Challenging embedded beliefs might just save the earth
As Gert Biesta, the Dutch philosopher of education, shared in 2021's World-Centred Education: "Education is a thoroughly practical art, and educational sciences are at their finest when they inform the artistry of others." How, then, do we ensure that our artistry as educators does not contribute to further destruction of the earth?
Several of earth's fundamental systems are at tipping points which will threaten the future of life on the planet. I see regenerative higher education as a fundamentally ecological, or living-system, approach to education that connects with people, places and the planet as a healing force. As the American biologist and author Janine Benyus said, "Life creates conditions conducive to life"; that is to say, living organisms are primed to adapt in ways that perpetuate their very survival. The question, then, is whether humans can similarly shape the conditions under which education creates conditions conducive to life? This requires challenging many beliefs held sacred within modern higher education, such as the predictability of learning outcomes.
Happily, instances of this evolution in education are already emerging around the world. At the Challenge Lab 'master thesis lab' at Chalmers University of Technology in Sweden, students generate a thesis based on local transition challenges that is co-designed with businesses, governments and residents. Similarly, the University of Amsterdam offers courses that embrace the uncertainty often found with transition challenges via a willingness to change the aims of the course depending on feedback from students, Amsterdammers, policymakers and entrepreneurs. In Colombia, a group called the Earth Regenerators is developing a new type of hybrid learning hub (to help regenerate a large ecozone) in which participation is open not just to students, but to the broader community. Ambitiously, the latest Blueprint on Educational Transformation published by global common good not-for-profit platform r3.0 brought together a group of trailblazers across all continents to further explore what such a regenerative vision means for the future of universities.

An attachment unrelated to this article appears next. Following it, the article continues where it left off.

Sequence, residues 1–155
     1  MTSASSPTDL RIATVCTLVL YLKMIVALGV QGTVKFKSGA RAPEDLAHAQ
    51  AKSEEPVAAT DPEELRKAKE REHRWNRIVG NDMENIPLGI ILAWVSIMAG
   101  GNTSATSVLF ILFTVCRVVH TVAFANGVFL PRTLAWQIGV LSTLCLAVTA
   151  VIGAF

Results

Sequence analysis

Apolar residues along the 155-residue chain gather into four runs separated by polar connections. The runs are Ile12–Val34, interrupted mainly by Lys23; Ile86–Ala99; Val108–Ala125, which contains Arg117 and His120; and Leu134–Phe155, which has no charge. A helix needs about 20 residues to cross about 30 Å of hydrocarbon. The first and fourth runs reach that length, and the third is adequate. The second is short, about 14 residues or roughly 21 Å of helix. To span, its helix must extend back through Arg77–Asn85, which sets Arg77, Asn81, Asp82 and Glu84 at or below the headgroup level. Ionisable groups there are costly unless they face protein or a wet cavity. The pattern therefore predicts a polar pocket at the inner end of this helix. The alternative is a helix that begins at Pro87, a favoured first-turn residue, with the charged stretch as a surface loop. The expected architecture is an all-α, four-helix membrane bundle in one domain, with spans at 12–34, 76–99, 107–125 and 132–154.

What these examples (and there are many more) share is a whole-human approach to learning that combines doing, feeling and knowing. They also share several key design principles. In each, the artistry is locally embedded, engaging with transition challenges that are urgent and relevant in a particular place and time, and with a particular group of people. Each cultivates a whole-human approach that includes dimensions of learning normally managed outside of education such as challenging values, beliefs and worldviews, allowing universities to act as bioregional facilitators of learning-based change if they are audacious enough to fully embrace this transformed role in society.
We are living in times which require large-scale transformation of the human presence on earth and bold visions for the future. So here is mine: what if all universities around the world could be bastions of healing, through their education, to play a part in realising regenerative futures? While we may not be able to embrace all these principles, all at once, there are multiple paths emerging that can guide us towards making our artistry kinder, more meaningful and a force for regeneration.
Bas van den Berg is acting coordinator at the Centre of Expertise Mission Zero at The Hague University of Applied Sciences and host of The Regenerative Education Podcast.
This article first appeared in the RSA Journal Issue 1 2022.
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